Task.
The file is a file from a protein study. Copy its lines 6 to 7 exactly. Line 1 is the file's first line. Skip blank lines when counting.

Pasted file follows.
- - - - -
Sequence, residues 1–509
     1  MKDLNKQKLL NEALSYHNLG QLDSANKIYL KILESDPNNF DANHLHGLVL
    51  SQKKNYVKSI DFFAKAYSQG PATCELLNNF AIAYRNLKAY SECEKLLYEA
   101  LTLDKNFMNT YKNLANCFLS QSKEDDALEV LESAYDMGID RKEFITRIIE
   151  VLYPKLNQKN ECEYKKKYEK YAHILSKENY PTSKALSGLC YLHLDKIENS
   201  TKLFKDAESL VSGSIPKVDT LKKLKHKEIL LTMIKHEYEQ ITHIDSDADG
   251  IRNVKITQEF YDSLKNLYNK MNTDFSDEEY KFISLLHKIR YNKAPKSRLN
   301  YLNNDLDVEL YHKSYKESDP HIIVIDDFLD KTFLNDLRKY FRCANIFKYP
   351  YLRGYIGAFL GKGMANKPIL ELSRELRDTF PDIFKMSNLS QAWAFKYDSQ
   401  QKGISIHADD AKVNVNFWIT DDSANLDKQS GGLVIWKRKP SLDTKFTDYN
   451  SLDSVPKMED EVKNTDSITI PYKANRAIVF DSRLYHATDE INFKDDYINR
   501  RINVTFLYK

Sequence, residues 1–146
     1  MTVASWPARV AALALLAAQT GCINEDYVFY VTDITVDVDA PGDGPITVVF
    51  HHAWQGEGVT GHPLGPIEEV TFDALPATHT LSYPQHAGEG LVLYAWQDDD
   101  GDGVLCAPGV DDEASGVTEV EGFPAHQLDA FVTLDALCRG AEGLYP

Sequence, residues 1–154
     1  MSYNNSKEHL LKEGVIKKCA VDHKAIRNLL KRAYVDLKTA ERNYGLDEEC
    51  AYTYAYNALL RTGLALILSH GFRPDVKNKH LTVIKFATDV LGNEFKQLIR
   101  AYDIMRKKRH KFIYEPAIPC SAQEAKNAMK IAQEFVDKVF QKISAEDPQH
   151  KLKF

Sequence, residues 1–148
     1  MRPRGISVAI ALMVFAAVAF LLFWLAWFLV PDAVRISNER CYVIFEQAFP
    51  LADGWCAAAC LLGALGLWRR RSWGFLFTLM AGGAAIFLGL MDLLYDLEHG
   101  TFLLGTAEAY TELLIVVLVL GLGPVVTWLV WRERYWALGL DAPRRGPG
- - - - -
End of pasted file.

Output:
   201  TKLFKDAESL VSGSIPKVDT LKKLKHKEIL LTMIKHEYEQ ITHIDSDADG
   251  IRNVKITQEF YDSLKNLYNK MNTDFSDEEY KFISLLHKIR YNKAPKSRLN